And so to model that, we’ve been studying animal models– rodent models– mice and hamsters. And what we found in all of the different strains of mice that we tested and was multiple ones– and all of the hamsters– and this was a group through the NIH collection of investigators, so about 10 investigators independently working very quickly. In every case, we saw attenuation of Omicron in the animals, meaning that they were able to infect the upper airway, but just less frequently able to cause infection in the lung or cause pneumonia.
IRA FLATOW: Does that mean we’re seeing less scarring in the lungs, less than with the previous variants?
MICHAEL DIAMOND: I think we have to be a little careful here. Because it’s a little uncertain about extrapolating directly from animal models to humans. And I do agree with Saskia that we need additional data. Because when we do the animal models, they don’t have any pre-existing immunity. They don’t have a vaccine. They never were infected before in this particular case when we did the study.
We really need to know in humans who have never been infected, who have never been vaccinated before. Are we also seeing evidence of attenuation? And this would allow us then to make a more direct link between the animal studies and the human studies.
But as of now, we know definitively that if you have a vaccine or had a prior infection, you’re much more likely to get mild disease and not require severe interventions in a hospital. But we do not know yet in children under five that haven’t been vaccinated, even in adults that didn’t get vaccinated or infected. What is the course of disease? So I think it’s a little premature to predict exactly what’s going on. But the animal data would suggest that it may be more attenuated in the lower lung, but that needs to be corroborated.
IRA FLATOW: The tests we’ve used for COVID have largely been no swabs. But some experts are now saying that throat swabs, like how we test for strep throat, are better at picking up the Omicron variant. Does that make sense to you, based on what you found in the lab?
MICHAEL DIAMOND: Well, we certainly are able to in some of the animal models, particularly the hamster model and also even in non-human primates. Although we have not done those studies ourselves, can show that you can detect viral RNA, which is what’s used for these tests or even viral antigen in either nose swabs or in saliva.
And in fact, a number of the early diagnostic tests that were generated were saliva based. And they were done here. We implemented them at Washington University. And many schools at academic institutions and other places also use saliva-based PCR tests.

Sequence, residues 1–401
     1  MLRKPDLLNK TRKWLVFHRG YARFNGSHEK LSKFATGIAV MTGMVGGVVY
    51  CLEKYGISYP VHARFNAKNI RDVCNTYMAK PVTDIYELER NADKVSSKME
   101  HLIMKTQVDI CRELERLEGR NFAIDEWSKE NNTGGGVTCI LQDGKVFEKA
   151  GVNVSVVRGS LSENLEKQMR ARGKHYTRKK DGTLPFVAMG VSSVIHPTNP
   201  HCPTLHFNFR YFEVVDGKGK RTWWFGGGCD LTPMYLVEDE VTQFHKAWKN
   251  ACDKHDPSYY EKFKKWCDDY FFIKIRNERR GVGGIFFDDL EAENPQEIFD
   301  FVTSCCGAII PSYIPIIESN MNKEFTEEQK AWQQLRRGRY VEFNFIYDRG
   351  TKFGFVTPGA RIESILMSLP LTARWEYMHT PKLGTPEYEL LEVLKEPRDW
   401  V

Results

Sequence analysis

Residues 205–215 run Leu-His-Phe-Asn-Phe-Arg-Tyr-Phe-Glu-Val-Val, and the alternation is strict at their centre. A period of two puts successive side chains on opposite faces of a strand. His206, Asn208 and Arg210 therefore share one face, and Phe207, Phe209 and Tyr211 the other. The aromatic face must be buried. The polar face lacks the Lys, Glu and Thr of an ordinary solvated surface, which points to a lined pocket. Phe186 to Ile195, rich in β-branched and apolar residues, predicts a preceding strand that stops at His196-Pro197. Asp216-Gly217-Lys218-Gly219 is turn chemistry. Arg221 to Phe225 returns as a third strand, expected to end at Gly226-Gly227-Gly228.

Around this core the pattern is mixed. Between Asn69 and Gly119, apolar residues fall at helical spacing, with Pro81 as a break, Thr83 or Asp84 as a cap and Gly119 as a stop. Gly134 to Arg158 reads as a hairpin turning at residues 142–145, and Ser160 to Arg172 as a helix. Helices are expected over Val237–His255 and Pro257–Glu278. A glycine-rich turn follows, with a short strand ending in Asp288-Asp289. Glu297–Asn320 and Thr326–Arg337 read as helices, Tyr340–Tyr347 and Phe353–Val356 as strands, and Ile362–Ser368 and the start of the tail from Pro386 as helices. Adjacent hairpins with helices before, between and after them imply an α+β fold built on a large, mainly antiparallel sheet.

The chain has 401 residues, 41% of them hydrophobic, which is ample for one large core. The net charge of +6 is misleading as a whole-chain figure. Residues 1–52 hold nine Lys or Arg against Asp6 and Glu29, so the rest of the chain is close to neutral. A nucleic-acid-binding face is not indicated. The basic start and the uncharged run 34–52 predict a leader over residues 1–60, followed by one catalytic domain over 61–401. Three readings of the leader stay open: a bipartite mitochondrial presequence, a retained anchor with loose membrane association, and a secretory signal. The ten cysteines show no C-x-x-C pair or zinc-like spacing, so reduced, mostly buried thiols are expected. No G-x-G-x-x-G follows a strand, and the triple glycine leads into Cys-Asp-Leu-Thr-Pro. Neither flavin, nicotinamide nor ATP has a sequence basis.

So sampling of saliva is much easier. It’s less invasive and has pretty good sensitivity. So I think that, certainly, we have evidence that a virus is present there. Whether it’s infectious in saliva is a different question, but certainly easy for diagnostic purposes.
IRA FLATOW: Saskia, let’s talk about hospitalizations. What do we know about how this big Omicron surge is impacting the health care system?
SASKIA POPESCU: Well, right now, we actually are seeing just such an unprecedented surge in cases. It’s over 247% increase in the last 14 days. So on January 5, the daily average was 585,000 new cases. But actually, that’s a running average.
So just on January 5, we saw over 704,000 new cases in the United States. And hospitalizations are also on the rise. So as reported on January 5 as well, the daily average is over 110,000 new people hospitalized, which is a 58% increase over 14 days.
So the numbers are growing every single day. This is really challenging. Because right now, even though we’re hopeful that Omicron means less severe disease, the issue is that we’re having staffing shortages. Nearly 20% of hospital facilities are reporting critical care staffing shortages.
And a lot of this is a result of staff getting sick and needing to call out. So you see that changing CDC guidance, also, about people able to return to work after five days or work while they’re in isolation with a mask on. And I think that’s really indicative of a staffing shortage across the US.
So hospitalizations are on the rise for patients, but also really straining the health care system in the winter, which is already one of our hardest seasons in health care. Because we have influenza, and respiratory viruses, and the fact that people have been avoiding medical care, because of COVID for a while or challenges to get medical care. So this is a really hard, unprecedented time. We’re moving into the third year of this pandemic. Health care workers are exhausted. And now, they’re getting sick. And we’re having staffing shortages. So our hospitals are severely strained.
IRA FLATOW: How much of that strain on the hospital system can be attributed to people who go to the hospital, but don’t need to go to the hospital?
SASKIA POPESCU: That’s a tricky question. That data will likely take time for us to understand. But right now, during the winter months, of course, you have a lot of people, as I mentioned, who have been maybe avoiding health care. Because they’re nervous about COVID, or it’s just been already so overwhelmed.